But as also previously pointed out marriage customs have changed quite a bit over the centuries, a girl we would consider a child that had to be protected would be married off and have kids before she reached the modern age of conset in the not too distant past. Polygamy was allowed and women were married off without their consent.

dclarry
06-21-2007, 01:31 PM
In a slightly different vein, while researching my family's genealogy, I have found several 19th century instances where siblings of one family would marry siblings of another family. There was commonly one year's separation between the weddings. ("I have often heard it said, by me father and me mother, that goin' to a weddin' is the makin's of another." Old Maid in the Garret-Irish Folk Song)



My mother's brother married my father's sister just after WWII. I have a set of cousins who all have the same four grandparents (we call our little subset of cousins 'double first cousins').

This was in Upstate New York in the 1940's, where one would assume people might venture more than a few miles from home to find a mate. But I do still have a sister up there who never leaves the county, let alone the state ...

Linda Trent
06-21-2007, 05:50 PM
I just completed my paternal family history, thoroughly documented 150 page book. Here are some of the things I found:

My 2nd cousin four times removed b. abt. 1812, in Ohio married a Anna Marie Kreiger (apparently married name), and when she died he married her daughter (his step-daughter also named Anna Marie Kreiger). He had children by both women (imagine doing the genealogy trying to figure out relationships there). :rolleyes:

In Germany in the latter 18th century I have first cousins marrying, which cuts down the amount of work I have to do, since I can accomplish twice the amount of work doing one line. :D

I have many examples, (and ironically this is not forbidden in Kentucky), of a sister marrying her deceased sister's husband, and of course siblings of one family marrying siblings of another.

I guess I just have a problem seeing why a woman should not marry her husband's son (if old enough) when her first husband passes away, since there's no blood relationship there.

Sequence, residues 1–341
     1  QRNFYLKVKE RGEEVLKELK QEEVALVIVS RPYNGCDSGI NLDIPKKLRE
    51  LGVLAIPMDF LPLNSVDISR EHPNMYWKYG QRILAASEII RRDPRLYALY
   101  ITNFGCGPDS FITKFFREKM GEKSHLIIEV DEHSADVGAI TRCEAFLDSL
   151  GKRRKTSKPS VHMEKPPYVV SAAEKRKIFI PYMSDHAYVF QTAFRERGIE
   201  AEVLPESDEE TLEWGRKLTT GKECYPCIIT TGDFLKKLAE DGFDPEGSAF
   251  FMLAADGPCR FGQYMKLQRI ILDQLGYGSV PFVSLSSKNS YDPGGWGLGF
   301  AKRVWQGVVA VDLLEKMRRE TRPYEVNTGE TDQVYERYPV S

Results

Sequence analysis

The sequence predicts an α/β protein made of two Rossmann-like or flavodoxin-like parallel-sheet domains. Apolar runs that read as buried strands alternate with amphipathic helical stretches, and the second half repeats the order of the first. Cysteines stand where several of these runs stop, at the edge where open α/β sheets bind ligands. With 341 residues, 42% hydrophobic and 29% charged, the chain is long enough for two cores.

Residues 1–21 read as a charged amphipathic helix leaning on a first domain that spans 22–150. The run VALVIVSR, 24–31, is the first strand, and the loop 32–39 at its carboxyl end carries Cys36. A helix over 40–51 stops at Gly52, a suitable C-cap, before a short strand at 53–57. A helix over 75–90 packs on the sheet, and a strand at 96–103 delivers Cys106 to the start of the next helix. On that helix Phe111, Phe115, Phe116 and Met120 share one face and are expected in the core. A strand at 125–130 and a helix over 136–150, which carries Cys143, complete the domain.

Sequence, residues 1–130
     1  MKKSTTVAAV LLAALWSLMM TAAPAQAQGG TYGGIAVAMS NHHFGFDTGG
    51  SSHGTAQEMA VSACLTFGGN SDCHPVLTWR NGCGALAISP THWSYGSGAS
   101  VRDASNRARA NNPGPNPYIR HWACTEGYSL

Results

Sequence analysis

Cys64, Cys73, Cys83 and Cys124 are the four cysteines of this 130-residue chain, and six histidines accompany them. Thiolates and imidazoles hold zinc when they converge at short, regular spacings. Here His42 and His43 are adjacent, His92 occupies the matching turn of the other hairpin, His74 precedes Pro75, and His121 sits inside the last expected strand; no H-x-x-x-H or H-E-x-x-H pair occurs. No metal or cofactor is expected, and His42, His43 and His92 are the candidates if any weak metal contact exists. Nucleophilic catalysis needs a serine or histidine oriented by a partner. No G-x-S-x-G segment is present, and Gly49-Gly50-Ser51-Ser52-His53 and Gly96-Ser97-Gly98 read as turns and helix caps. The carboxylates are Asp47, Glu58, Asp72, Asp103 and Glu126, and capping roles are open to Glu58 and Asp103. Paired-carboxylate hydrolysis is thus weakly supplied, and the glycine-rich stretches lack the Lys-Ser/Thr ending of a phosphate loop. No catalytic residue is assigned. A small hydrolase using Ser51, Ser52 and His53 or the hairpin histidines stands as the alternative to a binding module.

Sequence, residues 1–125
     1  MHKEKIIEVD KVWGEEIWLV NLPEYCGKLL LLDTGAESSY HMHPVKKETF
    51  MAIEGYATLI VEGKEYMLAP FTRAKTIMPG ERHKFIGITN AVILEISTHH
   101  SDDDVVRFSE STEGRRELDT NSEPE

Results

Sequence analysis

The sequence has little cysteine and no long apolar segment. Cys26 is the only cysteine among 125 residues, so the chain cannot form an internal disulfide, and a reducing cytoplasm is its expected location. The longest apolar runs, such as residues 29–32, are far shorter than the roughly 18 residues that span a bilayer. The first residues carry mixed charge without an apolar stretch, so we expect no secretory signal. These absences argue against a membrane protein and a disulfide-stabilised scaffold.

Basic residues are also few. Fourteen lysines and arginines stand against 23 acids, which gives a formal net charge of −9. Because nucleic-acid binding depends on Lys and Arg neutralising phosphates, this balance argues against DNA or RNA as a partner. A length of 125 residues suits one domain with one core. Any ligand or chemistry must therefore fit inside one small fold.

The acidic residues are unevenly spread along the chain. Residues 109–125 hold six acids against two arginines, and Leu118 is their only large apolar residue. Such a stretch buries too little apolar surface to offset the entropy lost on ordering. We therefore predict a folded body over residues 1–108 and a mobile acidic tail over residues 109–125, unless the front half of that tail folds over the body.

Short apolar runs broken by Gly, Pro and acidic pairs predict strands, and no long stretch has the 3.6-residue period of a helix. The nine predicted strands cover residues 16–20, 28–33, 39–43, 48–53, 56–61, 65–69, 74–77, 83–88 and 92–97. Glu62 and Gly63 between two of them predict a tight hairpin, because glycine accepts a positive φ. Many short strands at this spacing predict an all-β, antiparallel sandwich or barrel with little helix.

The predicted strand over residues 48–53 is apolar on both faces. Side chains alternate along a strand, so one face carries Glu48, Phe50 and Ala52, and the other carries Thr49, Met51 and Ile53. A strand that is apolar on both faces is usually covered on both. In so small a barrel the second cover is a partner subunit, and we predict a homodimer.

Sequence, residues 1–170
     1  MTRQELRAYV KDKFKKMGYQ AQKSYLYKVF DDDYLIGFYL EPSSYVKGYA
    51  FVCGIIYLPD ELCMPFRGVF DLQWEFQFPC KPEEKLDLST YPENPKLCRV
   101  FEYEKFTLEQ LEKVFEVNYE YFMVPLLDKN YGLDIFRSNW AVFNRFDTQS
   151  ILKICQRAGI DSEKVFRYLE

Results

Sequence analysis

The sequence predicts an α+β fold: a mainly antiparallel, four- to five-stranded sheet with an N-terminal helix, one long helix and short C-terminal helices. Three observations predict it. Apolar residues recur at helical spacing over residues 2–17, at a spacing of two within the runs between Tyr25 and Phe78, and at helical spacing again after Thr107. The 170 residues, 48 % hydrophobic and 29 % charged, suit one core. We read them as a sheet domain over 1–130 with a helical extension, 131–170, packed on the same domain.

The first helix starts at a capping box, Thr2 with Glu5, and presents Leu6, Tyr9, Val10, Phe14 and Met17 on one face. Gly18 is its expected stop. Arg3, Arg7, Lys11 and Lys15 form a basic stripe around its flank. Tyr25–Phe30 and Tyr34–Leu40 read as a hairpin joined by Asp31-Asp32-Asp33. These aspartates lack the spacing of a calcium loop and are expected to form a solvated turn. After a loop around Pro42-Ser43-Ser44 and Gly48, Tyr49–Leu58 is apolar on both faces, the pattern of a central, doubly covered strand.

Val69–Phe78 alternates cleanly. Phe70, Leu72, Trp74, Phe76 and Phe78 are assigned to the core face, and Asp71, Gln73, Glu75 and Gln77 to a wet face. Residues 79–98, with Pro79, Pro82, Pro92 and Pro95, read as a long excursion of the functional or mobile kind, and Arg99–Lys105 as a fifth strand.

Of course my favorite one is Civil War related. My great grandfather married in 1868 to Julia Morgan (first wife - I'm from the second), who was the sister of Alcinda Morgan, who was the wife of my great great grandfather. That makes my cousin Earl my half-first cousin once removed and half second cousin twice removed. :shock:

BTW, all of the above was in Ohio.

Linda.

jthlmnn
06-21-2007, 08:52 PM
I guess I just have a problem seeing why a woman should not marry her husband's son (if old enough) when her first husband passes away, since there's no blood relationship there.
Linda.

When studying Canon Law regarding marriage (1983 Code), I was taught that the Catholic Church's perspective is that the familial relationships caused by marriage (legal relationship) are considered to be the same as those caused by blood ties (natural relationships). Therefore, the taboo regarding incest would apply equally. This is separate from civil law, but may help you to understand the prohibitions, both social and legal.

(The Code of Canon Law: A text and commentary, 1985, Canon Law Society of America, Canon 1091 1-4 & commentary)

WestTN_reb
06-21-2007, 09:26 PM
In a slightly different vein, while researching my family's genealogy, I have found several 19th century instances where siblings of one family would marry siblings of another family.
Can't say much on that one. My grandfather's first cousin married my grandmother's sister. This was in the 1920's.

Spinster
06-21-2007, 10:12 PM
I have many examples, (and ironically this is not forbidden in Kentucky), of a sister marrying her deceased sister's husband, .

Well of course not---such a marriage was convenient, provided quickly and properly for the motherless children, in some cases was likely at the behest of the late wife. What better way to insure the welfare of your children than to have your sister raise them?